Peer mentoring generally refers to two people working together who both have diabetes, but one is designated the mentor, or role model. A person may be designated a mentor for several reasons: That person may have had diabetes longer, successfully implemented a therapy such as insulin, or been able to lose weight or bring his A1C and other measures into the target range. The mentor offers ideas and suggestions to his peer based on his own experiences and what worked for him. There are also programs that identify mentors, or “champions,” who give inspirational talks to individuals or groups of people with diabetes. Some people like the idea of working with a mentor, while others prefer to be on a more equal level, where they can offer support as well as receive help.
Peer education generally refers to diabetes education provided by a person other than a health-care professional. Peer educators often work with a health professional who is a diabetes educator or through a health-care clinic. They generally receive training in the care of diabetes and in how to be an effective teacher.
Some peer educators are community health workers, or promotores, who may or may not have diabetes. However, they are considered peers because they have close ties with the community; they may speak the language, for example, or be from the same cultural or ethnic group. They often serve as a guide for information and for making lifestyle changes, and they bridge the cultural gap between the person with diabetes and his health-care providers. Community health workers are also generally very knowledgeable about local resources and services. Most community health workers receive on-the-job training that targets the objectives of the program they’re working for. Some institutes of higher education have also started offering formalized community health worker education programs that offer credit, a certificate, or a degree.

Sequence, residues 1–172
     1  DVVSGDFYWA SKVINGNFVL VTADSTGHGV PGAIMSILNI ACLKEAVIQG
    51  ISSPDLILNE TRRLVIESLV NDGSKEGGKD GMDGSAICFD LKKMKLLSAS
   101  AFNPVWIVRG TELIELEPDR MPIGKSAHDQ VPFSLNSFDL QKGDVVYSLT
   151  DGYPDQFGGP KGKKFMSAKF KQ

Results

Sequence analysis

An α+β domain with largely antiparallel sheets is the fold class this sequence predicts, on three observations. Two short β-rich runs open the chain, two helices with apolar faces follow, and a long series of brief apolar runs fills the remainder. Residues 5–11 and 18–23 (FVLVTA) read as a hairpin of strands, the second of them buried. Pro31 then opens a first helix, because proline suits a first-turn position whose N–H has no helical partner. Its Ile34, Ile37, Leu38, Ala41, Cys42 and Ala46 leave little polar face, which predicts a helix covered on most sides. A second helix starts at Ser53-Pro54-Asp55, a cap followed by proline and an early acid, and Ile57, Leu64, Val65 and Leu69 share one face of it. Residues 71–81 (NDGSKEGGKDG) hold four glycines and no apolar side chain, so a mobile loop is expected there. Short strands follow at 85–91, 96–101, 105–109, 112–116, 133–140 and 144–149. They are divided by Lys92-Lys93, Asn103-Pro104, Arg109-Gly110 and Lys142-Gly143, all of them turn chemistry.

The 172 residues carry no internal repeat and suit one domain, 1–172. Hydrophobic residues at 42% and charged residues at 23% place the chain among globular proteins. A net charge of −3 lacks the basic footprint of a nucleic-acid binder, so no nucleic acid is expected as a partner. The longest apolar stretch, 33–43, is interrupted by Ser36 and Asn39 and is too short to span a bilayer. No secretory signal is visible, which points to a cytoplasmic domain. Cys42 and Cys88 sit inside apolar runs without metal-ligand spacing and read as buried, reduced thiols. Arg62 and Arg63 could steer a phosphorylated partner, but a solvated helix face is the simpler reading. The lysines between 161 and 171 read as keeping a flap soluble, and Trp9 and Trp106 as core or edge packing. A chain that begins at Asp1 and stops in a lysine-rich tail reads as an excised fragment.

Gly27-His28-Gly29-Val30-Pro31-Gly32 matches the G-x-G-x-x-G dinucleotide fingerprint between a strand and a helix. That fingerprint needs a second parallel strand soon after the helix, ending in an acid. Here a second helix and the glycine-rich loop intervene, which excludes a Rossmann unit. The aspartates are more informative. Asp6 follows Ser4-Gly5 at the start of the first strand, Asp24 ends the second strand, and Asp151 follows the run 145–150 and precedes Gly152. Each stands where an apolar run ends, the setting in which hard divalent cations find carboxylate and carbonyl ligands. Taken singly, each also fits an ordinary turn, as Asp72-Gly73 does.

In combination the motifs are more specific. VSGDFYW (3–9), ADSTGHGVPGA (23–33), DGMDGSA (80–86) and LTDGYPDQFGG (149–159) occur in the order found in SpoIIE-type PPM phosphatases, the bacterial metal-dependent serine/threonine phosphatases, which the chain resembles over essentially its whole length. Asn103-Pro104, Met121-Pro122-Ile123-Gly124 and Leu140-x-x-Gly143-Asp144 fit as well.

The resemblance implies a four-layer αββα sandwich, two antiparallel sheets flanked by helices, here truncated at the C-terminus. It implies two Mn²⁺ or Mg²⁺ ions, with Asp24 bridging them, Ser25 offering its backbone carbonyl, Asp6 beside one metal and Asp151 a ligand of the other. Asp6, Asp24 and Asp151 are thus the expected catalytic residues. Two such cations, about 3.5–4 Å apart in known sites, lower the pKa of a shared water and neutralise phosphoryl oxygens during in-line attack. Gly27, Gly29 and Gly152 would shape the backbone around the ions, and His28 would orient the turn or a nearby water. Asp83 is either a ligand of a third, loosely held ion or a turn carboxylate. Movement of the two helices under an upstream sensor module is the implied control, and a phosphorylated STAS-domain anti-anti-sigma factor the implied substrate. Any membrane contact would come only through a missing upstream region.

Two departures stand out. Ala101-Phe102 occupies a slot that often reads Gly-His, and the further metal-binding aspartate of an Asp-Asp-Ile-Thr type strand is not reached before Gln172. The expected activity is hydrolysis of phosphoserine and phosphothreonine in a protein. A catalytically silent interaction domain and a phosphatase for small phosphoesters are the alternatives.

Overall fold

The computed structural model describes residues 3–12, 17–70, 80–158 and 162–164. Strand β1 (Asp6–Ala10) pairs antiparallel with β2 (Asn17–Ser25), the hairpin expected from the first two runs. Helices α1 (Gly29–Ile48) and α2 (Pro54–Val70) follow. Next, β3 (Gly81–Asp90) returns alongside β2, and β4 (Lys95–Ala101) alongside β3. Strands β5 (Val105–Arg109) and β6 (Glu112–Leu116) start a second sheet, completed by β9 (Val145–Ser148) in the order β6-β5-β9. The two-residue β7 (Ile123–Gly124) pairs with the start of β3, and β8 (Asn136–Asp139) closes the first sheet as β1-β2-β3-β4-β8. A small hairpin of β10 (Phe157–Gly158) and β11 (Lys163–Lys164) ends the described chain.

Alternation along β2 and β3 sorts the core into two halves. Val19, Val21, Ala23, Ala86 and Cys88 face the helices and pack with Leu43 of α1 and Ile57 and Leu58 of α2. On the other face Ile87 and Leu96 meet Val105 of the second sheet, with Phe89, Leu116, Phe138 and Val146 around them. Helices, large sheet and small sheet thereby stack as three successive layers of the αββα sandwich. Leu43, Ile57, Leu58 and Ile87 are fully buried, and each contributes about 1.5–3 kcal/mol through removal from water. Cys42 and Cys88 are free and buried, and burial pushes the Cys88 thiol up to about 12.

Peer-led self-management support groups generally refer to formal group programs designed to help people learn the skills needed to make lifestyle and other behavioral changes and to also provide the support needed to better cope with diabetes. These are different from the usual support group in that the peer leaders have been trained to facilitate groups, teach behavioral strategies, and provide support. There are peer-led self-management support programs available for people with any chronic disease, including diabetes, and programs that are specifically for people with diabetes.
All of these types of formal programs have been studied and shown to be effective in helping people better manage their diabetes. The types of improvements that have been reported include such outcomes such as lower A1C, improved quality of life, increased health behaviors such as eating healthfully and taking medicines, and even decreased hospitalizations. Some of the other benefits are increased confidence in ability to manage diabetes (called self-efficacy), social support, positive mood, and understanding of diabetes self-management. Because each of these types of programs is different, you are the best judge of what type might be most helpful for you.
Finding a peer support program
Although peer programs are gaining in popularity, they are not yet everywhere. So the first step is to find out what is available in your area. Your local hospital education program, health department, or diabetes organization is often a good place to begin.
The second step is to decide if you want educational support or support for changing your behavior and coping with diabetes, or a program that has both. You also need to decide if you want to work as an equal partner, be a mentor, or have a mentor. Some programs provide options for all of these, but it helps to know what you need and want. Here is a sampling of some available programs.